Personal finance publication Kiplinger has ranked all U.S. states to determine which is the most, and the least, tax-friendly, based on the tax burden placed on residents.
According to the publication, Wyoming is the most tax-friendly. Illinois takes the bottom spot least tax-friendly, primarily due to the property tax burden.
According to Kiplinger, Illinois averages $2,048 in property taxes per $100,000 of home value, compared to $635 for Wyoming. Illinois wasn’t the only Midwestern state to land in the 10 worst spots, as Wisconsin was ranked 4th least friendly, Ohio 8th, and Iowa 9th.
In fact, a summary by Kiplinger of Illinois’ tax environment states:
“Illinois’ economic woes are one reason why the Prairie State tops our list of the least tax-friendly states in the country. The state ranks #50 in the latest ranking of states’ fiscal health by the Mercatus Center at George Mason University, and residents are paying the price with higher taxes.
The state’s 4.95% flat income tax rate actually isn’t that high when compared to other states, but other taxes are a doozy. For example, property taxes in Illinois are the second-highest in the nation. On a $400,000 home in the state, the average annual property tax bill would be an eye-popping $9,634.
Sales taxes are high, too. In some municipalities, combined state and local sales taxes exceed 10%. Most states exempt food and drugs from their sales tax, but that’s not the case in Illinois.”
For more information, visit https://www.kiplinger.com/tool/taxes/T055-S001-kiplinger-tax-map/index.php.
Salary history law goes into effect
On September 29, a new law took effect that bans employers from asking applicants about their salary history.
Proponents of the new law believe it will reduce the wage disparity for female and minority workers.
Under the new law, applicants will be allowed to volunteer salary history, but employers cannot use the information to make hiring decisions.
Violations of the law could result in fines up to $10,000.
Controversial sterilization facility to remain closed
Sterigenics, the company that operated a medical instrument sterilization facility in Willowbrook, has announced that they will not be re-opening the facility.
The operation came under scrutiny in the summer of 2018, after the United States Department of Health and Human Services released a report warning that people in the area around the facility faced some of the country’s highest risks of developing cancer, largely due to levels of ethylene oxide (EtO). Sterigenics utilized EtO as a significant part of their sterilization operation.
Senator John Curran of Downers Grove immediately began working with local leaders, concerned residents, and his fellow lawmakers on legislation to stop the emissions of EtO from the facility. Meanwhile, the Illinois Environmental Protection Agency (IEPA) temporarily closed the facility in October 2018 to conduct a safety investigation, and eventually issued a seal order on the containers of ethylene oxide in February 2019. This summer, a new law sponsored by Senator Curran created the nation’s most robust regulations on EtO use and emissions, and the company negotiated an agreement with the IEPA to reopen after installing new safety equipment. However, due to the possibility for further legislation on the matter advancing during the upcoming fall veto session, along with continued strong resistance from the community and apparent issues with the facility’s lease, the company this week announced that it would be leaving the Willowbrook area.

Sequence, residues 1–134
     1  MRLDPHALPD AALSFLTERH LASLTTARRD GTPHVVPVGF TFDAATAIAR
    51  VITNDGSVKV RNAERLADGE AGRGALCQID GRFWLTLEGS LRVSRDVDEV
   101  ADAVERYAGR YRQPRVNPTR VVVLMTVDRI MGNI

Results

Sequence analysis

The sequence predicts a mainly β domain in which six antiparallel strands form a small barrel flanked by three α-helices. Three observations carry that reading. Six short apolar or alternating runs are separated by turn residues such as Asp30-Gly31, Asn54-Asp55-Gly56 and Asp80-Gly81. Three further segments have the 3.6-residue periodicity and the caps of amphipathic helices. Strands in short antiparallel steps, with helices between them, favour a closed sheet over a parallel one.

October is Cyber Security Awareness Month
Throughout October, the Illinois Emergency Management Agency and the Illinois Department of Innovation and Technology are working with local municipal agencies to raise awareness of cyber-security issues and to help educate people on how to stay safe online.
Security tips from the agencies include:
- Configure your computer securely.
- Use privacy and security settings in your software, email system, and web browsers.
- Regularly update your anti-virus software to identify and thwart new strains of malicious software.
- Keep software, and operating systems updated. Install all software updates as soon as they are available. Using the “auto-update” setting is the best way to ensure timely updates.
- Use strong passwords.
- Cybercriminals use automated programs that will try every word in the dictionary in a few minutes. When creating a password, use at least 10 characters, with a combination of uppercase and lowercase letters, numbers, and symbols.
- Be cautious about links and attachments. Even communications you receive that appear to be from friends and family may contain links to malicious sites, so be careful when clicking on links in those messages. When in doubt, delete it.
For more information, visit https://www2.illinois.gov/ready/Pages/default.aspx.
Heating assistance program begins
The enrollment period for the state’s Low Income Home Energy Assistance Program (LIHEAP) opened earlier this week. The program offers assistance with heating bills for households at or below 150 percent of the federal poverty guidelines. That income level ranges from around $1,500 per month for a single person to just over $3,200 per month for a family of four.
On October 1, enrollment opened for seniors ages 60 and older, as well as for households that contain a member who is disabled and receives a permanent disability benefit. On November 1, enrollment expands to households with children younger than six, and homes where service has been or soon will be cut off. After December 1, all other qualifying households may apply. For more information, visit https://www2.illinois.gov/dceo/communityservices/utilitybillassistance/.